The Rev. Michael Moller was ambassador for an hour. At least that's the way it seemed to the East German Lutheran pastor who was appointed last May to represent his country as ambassador to the United States and had everything but final State Department approval.
With the reunification of East and West Germany this week, Moller is out of that job, and gladly. The new Germany was a dream that inspired him to hide contraband T-shirts in his church study, to lead demonstrations when other pastors were encouraging their flock from behind church doors. Sustained by a faith that told him good would eventually triumph over evil, Moller knew reunification would happen; he just didn't know how quickly.
Moller, at age 33 one of a new generation of entrepreneurial leaders in Eastern Europe, celebrated this week's events in a service at the Washington Cathedral. Before returning to Lutheran Theological Seminary in Philadelphia, where he has accepted a teaching position, he talked about the remarkable change he has seen in Europe and the spiritual forces behind that change.
He grew up in a small town near the Polish border and as a Lutheran pastor's son, endured the taunts of his school classmates. He was the only one in his high school class not to join the local communist youth club, and though he made excellent grades, was asked to leave the school after the 10th grade. He took a job in construction.
A friend persuaded him to try seminary in the mid-1970s, and he was admitted to a school in Leipzig after passing a special examination. He eventually managed to get into the university there and received his PhD in theology and anthropology.
While in seminary in 1981, Moller was arrested, convicted and fined for distributing anti-state literature. By January 1988, he was a pastor at a Lutheran church on the Baltic coast and still a visible opponent of communism.
When students in East Berlin were expelled from school after objecting to military service, two members of Moller's congregation printed about 100 T-shirts expressing solidarity with the students. They went to Moller to ask whether they should march around the market square wearing the T-shirts.
"I said, 'We can make this thing public, but you're the ones who will be in prison.' " The next day, the two young men stood outside in their shirts for about 30 seconds before being arrested.
They eventually were released and Moller was warned to stop any future revolutionary activity. Moller and some members in his congregation began simply congregating in the square after Sunday worship, no picket signs, no belligerence. As the numbers of demonstrators grew from five to 50, "the security police didn't know what to do," he said.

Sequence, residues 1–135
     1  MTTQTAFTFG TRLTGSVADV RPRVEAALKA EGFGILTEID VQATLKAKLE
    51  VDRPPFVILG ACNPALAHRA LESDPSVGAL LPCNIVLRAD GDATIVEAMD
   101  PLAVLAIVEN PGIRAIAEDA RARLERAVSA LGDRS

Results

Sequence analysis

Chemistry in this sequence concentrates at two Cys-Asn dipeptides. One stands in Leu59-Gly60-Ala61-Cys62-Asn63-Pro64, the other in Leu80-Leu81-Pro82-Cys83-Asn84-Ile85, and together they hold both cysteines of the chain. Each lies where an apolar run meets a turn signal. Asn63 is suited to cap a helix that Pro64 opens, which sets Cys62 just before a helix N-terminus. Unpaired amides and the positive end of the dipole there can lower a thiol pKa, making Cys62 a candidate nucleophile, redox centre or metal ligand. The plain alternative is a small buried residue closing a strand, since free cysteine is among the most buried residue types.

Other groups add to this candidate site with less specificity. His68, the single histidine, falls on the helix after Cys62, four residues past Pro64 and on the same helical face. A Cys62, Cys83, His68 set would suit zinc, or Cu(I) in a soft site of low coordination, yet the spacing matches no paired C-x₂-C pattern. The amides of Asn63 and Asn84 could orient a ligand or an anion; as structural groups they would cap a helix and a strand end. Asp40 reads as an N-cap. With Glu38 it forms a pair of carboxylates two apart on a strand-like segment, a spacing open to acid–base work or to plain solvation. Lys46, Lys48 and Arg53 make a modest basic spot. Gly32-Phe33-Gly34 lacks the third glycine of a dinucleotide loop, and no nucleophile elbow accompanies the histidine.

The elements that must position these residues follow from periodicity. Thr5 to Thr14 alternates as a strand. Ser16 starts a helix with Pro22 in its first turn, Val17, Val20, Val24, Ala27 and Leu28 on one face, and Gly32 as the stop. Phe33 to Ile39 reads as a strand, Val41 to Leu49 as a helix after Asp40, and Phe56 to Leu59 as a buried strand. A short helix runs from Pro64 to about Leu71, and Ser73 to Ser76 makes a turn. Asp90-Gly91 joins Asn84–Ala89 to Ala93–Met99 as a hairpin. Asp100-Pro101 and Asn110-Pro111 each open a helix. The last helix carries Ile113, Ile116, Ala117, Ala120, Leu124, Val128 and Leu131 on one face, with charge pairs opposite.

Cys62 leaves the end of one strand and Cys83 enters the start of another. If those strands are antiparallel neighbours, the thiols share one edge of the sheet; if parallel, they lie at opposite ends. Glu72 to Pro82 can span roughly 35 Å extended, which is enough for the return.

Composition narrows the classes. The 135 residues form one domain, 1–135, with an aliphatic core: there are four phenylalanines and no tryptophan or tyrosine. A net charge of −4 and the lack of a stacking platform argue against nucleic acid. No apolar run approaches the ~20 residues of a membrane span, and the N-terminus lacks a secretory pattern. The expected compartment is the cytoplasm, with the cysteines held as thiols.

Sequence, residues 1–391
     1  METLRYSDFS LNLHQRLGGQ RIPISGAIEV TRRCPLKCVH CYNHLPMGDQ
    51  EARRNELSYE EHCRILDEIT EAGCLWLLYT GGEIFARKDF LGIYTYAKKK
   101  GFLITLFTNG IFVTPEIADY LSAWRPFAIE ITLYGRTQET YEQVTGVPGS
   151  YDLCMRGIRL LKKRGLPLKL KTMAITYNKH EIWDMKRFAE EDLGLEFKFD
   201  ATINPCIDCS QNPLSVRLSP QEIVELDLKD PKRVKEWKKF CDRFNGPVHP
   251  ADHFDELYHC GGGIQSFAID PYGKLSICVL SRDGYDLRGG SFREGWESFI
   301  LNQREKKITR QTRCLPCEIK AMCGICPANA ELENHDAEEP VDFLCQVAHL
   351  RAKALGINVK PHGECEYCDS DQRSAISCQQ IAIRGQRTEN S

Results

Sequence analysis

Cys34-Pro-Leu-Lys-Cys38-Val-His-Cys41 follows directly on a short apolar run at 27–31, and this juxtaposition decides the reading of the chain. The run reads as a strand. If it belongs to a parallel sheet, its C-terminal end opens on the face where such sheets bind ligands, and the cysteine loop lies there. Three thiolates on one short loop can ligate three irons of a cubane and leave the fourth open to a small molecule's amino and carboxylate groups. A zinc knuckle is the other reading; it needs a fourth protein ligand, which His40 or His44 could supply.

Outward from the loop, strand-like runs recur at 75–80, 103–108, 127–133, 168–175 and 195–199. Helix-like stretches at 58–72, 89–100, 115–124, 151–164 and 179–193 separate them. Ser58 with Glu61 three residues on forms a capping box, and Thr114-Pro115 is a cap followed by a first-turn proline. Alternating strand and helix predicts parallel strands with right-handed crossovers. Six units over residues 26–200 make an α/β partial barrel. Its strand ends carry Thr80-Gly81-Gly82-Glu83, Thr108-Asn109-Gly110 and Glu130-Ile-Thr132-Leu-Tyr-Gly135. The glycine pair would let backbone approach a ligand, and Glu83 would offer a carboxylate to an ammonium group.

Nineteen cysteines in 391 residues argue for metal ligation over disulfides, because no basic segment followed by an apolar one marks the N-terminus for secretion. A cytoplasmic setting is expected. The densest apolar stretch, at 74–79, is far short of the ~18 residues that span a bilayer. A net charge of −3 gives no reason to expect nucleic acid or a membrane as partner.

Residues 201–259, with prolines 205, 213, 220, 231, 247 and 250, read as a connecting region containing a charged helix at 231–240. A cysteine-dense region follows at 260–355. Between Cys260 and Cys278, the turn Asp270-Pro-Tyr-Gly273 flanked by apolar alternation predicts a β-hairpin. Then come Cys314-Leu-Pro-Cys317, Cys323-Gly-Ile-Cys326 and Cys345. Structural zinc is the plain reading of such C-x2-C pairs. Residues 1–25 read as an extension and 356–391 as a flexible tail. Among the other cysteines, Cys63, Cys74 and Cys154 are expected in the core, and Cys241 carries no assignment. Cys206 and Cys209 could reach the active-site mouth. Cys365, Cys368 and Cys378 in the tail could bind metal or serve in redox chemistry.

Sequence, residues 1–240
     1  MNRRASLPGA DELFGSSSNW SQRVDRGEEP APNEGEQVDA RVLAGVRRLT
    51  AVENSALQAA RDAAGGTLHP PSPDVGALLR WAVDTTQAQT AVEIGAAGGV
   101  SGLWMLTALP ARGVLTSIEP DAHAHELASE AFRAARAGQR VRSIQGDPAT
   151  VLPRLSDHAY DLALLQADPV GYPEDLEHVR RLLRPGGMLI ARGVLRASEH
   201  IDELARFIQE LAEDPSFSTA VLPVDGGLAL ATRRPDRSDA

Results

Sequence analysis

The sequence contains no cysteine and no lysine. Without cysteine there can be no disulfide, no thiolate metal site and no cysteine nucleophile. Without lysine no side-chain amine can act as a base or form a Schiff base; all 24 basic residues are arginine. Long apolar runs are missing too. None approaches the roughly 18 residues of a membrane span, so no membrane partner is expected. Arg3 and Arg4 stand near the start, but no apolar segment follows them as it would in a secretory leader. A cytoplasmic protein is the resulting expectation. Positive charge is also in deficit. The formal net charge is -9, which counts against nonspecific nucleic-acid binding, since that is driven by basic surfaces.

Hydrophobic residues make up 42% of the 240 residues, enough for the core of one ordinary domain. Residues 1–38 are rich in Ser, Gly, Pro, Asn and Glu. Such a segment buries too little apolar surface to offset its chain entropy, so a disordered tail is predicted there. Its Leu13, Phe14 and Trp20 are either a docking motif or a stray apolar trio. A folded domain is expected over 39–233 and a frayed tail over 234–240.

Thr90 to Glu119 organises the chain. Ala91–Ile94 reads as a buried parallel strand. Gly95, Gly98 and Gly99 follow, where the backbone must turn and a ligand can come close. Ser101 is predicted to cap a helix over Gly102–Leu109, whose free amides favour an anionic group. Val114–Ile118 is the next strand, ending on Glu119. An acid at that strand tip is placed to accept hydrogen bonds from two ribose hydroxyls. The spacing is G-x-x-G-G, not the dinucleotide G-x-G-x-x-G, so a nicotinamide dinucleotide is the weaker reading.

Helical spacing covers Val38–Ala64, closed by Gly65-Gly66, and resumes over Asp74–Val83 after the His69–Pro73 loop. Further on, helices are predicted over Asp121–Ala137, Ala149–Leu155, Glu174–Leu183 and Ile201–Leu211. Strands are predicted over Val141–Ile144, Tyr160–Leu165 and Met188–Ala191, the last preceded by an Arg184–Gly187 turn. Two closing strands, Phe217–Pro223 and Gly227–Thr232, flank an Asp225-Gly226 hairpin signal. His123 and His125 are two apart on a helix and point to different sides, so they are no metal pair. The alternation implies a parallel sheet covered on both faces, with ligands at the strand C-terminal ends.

In early 1989, Moller was asked by his bishop to leave the country, and he reluctantly agreed. Recently released documents show that late that summer, the East German government made plans to arrest about 1,500 activist clerics. Moller probably would have been in that group.
Moller and his wife, Fotina, an Ohio native and a Greek Orthodox, moved to Nebraska, and he started teaching at a Lutheran seminary. About six months later, the Berlin Wall came down and he went back to East Germany to help advise the Social Democratic Party and later, the temporary coalition government.
Moller believes the revolutions in Eastern Europe were driven by people's unstoppable desire to decide their own destiny. It took his post-World II generation to get things started, he said, because the war left the previous generation poor, depressed and with little self-esteem. But the older generations were crucial to the revolution's success, he said, because once they signed on, they were energized by the idea of being given a second chance at the good life.
Moller said it is "easier and better" for his family if they remain in this country while the two German societies work through unification. Here, he has a certain job; there, he wouldn't. "What they don't need is someone else looking for work," he said.
Moller, who keeps up his contacts in most Eastern Bloc countries, believes that anticommunism might not have swept Europe so quickly and so successfully were it not for the spirituality of several opposition leaders.
"Our faith provided us with a value system which gave us a lot of security about ourselves," he said. Threatened with sanctions, those whose faith wasn't strong dropped out, and those who stayed "were all pretty self-confident. If we hadn't been, we couldn't have survived."